"I am sorry, I know we have reached an end", a consolation doled out by a terminally ill, seventy-six-year old pancreatic cancer patient to her physicians, that so elegantly epitomizes the dismal side of present-day cancer medicine, is just one of the many heart- rending personal accounts littered throughout in The Emperor of All Maladies, by Dr Siddhartha Mukherjee.
In what can only be described as a literary masterpiece, Siddhartha Mukherjee, a cancer physician-scientist at Columbia University and NYU Presbyterian Hospital, eloquently sketches the 'biography of cancer' in his 2011 Pulitzer Prize winning book. The terrifying nature of this disease, cloaked charmingly in its title, captures the essence of all of the book's four hundred and fifty-odd pages.
The book starts out by recounting the history of cancer chemotherapy, and gradually delves deeper into the earliest known records of the disease itself. The historical roots of cancer radiotherapy and surgery are also unveiled to the reader, much in the manner of a novel- through a series of engaging real-life stories, each having its own 'plots' and characters. Almost every other page is punctuated with excellent accounts of landmark events in medical oncology and sometimes in medicine itself, which have served as scientific turning points.
What is so striking about this book is that the author has skilfully weaved together personal stories with scientific discoveries to narrate a gripping tale- and to top it all, he has also managed to recreate the socio-economic climate residing at the time of these happenings and at times, even the relevant political backdrop that puts the narrative in context. Indeed, the parallels drawn by Mukherjee between World War II and the 'war on cancer' and how fatally poisonous chemical agents used in military warfare were deputed as powerful anticancer agents by clever medical researchers, make for an unforgettable read.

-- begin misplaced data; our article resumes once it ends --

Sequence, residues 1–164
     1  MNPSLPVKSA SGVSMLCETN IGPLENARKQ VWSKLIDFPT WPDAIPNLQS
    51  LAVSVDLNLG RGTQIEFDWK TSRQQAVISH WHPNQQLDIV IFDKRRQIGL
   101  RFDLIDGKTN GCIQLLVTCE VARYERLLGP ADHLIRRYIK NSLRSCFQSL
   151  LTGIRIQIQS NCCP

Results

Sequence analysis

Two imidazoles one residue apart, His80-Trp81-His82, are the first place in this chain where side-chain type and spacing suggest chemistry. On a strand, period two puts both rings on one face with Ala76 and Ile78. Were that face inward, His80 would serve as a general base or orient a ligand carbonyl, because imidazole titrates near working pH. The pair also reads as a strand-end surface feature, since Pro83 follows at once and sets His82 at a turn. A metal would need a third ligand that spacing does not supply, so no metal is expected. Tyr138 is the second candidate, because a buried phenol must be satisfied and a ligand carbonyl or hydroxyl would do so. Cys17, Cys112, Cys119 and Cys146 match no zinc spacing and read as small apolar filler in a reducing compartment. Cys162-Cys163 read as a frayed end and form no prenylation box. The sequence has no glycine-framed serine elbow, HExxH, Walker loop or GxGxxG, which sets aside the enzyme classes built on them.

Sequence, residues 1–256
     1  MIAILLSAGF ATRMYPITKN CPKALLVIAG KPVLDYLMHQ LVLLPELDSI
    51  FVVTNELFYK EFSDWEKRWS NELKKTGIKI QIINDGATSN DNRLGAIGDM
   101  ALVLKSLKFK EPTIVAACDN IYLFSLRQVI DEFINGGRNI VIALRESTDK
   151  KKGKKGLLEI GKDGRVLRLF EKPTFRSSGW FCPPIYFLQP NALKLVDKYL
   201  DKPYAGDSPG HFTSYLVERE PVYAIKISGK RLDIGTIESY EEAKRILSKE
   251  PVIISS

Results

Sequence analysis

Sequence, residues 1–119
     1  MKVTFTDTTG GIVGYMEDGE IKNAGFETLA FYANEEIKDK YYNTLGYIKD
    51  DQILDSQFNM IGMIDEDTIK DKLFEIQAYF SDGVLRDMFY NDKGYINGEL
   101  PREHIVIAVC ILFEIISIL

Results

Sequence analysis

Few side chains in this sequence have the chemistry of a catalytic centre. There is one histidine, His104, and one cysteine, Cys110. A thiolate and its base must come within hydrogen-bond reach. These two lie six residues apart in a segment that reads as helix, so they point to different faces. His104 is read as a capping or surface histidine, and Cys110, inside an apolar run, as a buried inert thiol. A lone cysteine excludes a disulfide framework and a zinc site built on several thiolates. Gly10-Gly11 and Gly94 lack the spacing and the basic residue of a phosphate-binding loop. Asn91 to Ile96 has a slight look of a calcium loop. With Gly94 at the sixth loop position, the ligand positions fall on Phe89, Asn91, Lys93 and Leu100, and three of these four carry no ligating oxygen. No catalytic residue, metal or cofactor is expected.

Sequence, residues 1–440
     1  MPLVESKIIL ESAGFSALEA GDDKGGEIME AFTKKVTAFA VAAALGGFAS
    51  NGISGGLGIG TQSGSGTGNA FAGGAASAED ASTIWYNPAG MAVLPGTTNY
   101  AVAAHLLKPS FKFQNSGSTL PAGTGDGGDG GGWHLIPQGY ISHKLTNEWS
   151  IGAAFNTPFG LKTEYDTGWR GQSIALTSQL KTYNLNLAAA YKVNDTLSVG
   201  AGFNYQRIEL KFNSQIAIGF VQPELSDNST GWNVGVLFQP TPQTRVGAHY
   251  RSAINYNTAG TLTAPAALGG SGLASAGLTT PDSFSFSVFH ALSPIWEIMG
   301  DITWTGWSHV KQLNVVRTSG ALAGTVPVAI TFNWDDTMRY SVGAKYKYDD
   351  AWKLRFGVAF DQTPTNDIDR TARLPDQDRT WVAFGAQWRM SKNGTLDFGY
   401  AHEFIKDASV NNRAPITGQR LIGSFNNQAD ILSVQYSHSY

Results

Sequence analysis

Heroic tales of pioneers like Sidney Farber, who in Mukherjee's own words, underwent "a seismic transformation from a pathologist into a leukaemia doctor" and more importantly perhaps, "from a clinician into an advocate for cancer research" clearly highlight the 'people-first' approach that the author has taken in presenting cancer's biography.
An equally beautiful account of the circumstances that led to the practice of radical mastectomy for breast cancer treatment, instituted by William Halsted, also decorates this literary ambrosia. The historical accounts are intermittently laced with starkly realistic accounts of Mukherjee's own patients, especially that of Carla, a leukaemia patient. This serves to enliven the author's work even more so.
The later chapters of the book ease the reader smoothly into the concepts of modern molecular medicine which has transformed cancer therapy in recent times. Ideas relating to tailored cancer chemotherapy and of stratifying cancer patients based on tumor stage and grade to bring better meaning to prognosis and treatment, can be hailed as some of the other salient high points of this prize-winning book.
While some parts of this literary tour de force might read a touch esoteric to the layman, most of it is totally accessible to the non-specialist. This book not only lays bare the tremendous challenges that lie ahead of us in cancer diagnosis and management, but also gives ample laudatory sketches of the successes achieved so far in various disciplines within medical oncology.
Finally, what makes The Emperor of all maladies a 'hard to put down' read are the real stories of real people that it recounts, of both researcher- physicians and patients, who gave heroic battles against a seemingly indefatigable disease. Laid out in a tantalising manner, Mukherjee's accounts of cancer battles that end in partial victories leave us with a fond hope that we are on the brink of conquering this terrifying disease. However, in the same tone, he also presents in excruciating detail, the other, gruesome side of medical oncology - numerous battles that have culminated in dismal defeats which instil a morbid fear in us about the disease… and at the end of the book, we are left fervently praying that better cures for cancer be found soon.